- Water waste: Even most high-efficiency washing machines need around 15 – 30 gallons of water per load. Doing the laundry three times a week will result in around 400 liters of water waste! Let’s not forget that the textile industry is responsible for consuming 4% of the available fresh water in the world whereas, as of today, over 2 billion people live in countries experiencing high water stress, and 700 million people worldwide could be displaced by intense water scarcity by 2030. Climate change is projected to increase the number of water-stressed regions and exacerbate shortages in already water-stressed regions.
- Energy waste: It takes a lot of energy to keep the washing machine going and, mainly, to heat all that water. An average machine wastes between 350 and 500 watts of electricity per load.
- Toxic detergents: Most of these products contain chemicals that are toxic to algae and other aquatic organisms.
Thus, the environmental impacts of laundry choices are significant and worth investigating.
And mills, brands, manufacturers share a responsibility to make consumers a driving force able to shape the future of sustainable textile.
The Textile Industry Is Very Intensive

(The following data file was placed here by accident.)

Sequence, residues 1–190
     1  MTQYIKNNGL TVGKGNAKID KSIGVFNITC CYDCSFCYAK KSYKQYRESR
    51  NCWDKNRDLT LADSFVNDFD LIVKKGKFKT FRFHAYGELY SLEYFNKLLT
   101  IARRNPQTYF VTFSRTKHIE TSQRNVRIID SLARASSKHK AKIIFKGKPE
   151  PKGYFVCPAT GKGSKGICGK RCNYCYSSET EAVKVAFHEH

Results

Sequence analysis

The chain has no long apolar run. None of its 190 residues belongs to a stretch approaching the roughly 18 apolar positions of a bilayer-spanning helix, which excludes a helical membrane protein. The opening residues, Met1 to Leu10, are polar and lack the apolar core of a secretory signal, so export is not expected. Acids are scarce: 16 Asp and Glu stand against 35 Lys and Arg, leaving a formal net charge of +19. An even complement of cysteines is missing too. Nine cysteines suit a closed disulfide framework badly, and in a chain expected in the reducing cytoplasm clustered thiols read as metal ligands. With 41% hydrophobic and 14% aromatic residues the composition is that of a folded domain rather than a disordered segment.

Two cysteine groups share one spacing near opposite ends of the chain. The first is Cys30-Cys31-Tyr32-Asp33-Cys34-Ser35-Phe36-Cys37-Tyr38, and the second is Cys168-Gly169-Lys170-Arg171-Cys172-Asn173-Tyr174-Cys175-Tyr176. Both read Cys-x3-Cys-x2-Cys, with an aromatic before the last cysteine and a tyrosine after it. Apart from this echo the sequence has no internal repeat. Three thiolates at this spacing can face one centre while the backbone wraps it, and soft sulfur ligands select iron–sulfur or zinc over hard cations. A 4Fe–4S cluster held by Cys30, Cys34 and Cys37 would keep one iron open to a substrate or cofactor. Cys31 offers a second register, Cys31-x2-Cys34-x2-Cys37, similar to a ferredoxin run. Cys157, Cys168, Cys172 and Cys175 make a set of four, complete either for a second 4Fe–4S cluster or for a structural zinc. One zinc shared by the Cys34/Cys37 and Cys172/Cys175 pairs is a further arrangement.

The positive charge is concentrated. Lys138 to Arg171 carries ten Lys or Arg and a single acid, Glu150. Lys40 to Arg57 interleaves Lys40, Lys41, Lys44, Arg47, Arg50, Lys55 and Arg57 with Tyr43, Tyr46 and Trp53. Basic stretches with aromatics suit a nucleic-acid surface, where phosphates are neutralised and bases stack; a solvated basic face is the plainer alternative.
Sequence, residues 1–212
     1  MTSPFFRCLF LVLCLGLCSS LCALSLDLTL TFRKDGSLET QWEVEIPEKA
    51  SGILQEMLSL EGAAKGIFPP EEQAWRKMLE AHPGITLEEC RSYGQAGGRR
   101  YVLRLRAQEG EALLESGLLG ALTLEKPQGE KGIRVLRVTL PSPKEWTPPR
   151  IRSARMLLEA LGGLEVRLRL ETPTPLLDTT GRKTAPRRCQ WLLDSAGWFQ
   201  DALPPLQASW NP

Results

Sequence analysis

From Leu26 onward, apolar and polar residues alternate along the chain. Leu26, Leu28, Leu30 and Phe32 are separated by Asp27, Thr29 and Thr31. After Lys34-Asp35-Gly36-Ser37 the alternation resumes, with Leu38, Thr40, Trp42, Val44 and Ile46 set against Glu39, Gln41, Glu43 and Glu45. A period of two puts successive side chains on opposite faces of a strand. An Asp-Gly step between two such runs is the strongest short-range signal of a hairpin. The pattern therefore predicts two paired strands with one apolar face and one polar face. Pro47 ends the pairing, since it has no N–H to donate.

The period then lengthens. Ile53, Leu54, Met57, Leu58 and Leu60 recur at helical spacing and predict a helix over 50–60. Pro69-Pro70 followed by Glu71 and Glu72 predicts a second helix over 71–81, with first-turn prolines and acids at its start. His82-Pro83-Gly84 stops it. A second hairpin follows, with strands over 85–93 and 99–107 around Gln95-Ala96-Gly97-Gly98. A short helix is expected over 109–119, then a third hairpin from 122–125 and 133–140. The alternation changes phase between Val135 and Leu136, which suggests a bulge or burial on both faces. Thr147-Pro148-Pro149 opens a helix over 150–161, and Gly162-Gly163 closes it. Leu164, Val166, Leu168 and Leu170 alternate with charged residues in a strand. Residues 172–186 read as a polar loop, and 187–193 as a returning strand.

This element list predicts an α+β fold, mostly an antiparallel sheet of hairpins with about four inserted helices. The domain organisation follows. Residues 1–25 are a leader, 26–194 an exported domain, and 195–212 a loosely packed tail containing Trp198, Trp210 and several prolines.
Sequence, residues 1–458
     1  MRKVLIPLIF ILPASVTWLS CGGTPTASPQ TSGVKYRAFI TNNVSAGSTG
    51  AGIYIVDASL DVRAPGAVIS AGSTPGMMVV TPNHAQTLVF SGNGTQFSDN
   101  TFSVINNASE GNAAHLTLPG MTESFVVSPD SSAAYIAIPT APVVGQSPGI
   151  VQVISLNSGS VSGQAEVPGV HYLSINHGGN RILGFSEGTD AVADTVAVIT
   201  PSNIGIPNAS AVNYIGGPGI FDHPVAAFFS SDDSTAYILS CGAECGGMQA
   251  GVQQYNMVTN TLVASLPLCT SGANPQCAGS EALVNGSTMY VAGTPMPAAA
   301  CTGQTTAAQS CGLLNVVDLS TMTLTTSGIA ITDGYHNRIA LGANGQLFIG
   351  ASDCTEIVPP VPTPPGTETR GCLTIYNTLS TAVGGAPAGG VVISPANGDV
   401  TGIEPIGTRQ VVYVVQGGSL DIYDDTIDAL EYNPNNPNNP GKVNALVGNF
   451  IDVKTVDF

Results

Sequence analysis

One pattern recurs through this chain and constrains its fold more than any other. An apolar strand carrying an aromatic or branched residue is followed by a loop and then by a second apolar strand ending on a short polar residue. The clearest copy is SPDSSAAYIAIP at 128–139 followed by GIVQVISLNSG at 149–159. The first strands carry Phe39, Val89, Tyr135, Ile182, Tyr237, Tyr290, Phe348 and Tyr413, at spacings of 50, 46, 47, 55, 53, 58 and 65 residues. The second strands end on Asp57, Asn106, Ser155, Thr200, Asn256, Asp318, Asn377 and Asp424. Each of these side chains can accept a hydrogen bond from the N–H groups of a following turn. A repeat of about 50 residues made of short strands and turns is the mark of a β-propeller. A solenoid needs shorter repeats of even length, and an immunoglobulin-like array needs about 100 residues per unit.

The textile industry is responsible for consuming 4% of the available fresh water in the world. A lion’s share of the fashion sector’s worldwide water use is for cotton cultivation and wet textile processes like bleaching, dyeing, printing, and finishing.
The global production of cotton is estimated to use 222 billion m³/y of water. The amount of water needed for growing cotton can be as much as 20 thousand liters per 1 kg of cotton in areas with inadequate water management practices.
The Clean Water Approach Of Naveena Denim Mills
At Naveena Denim Mills water stewardship is the core of its operations. They’re using water in a way that is socially equitable, environmentally sustainable, and economically beneficial. The denim mill strives to engage in actions that benefit people and nature.
In line with their SDG 6 ‘Clean Water and Sanitation’, they develop innovative technologies that decrease the consumption of fresh water while increasing recycled water use in production processes.
They have reduced the water intensity per product by 25% since 2019 and with their new wastewater treatment project, they aim to recycle 80% of the production wastewater by the year 2023 in accordance with Zero Discharge of Hazardous Chemicals (ZDHC) standards. The resulting recycled water of 15,000 Gallons water/day will be the equivalent of 2.000 people’s daily water use.
Sustainable Materials And Technologies
Naveena Denim Mills also focuses on sustainable materials and technologies that decrease fresh water use in raw materials and in production processes.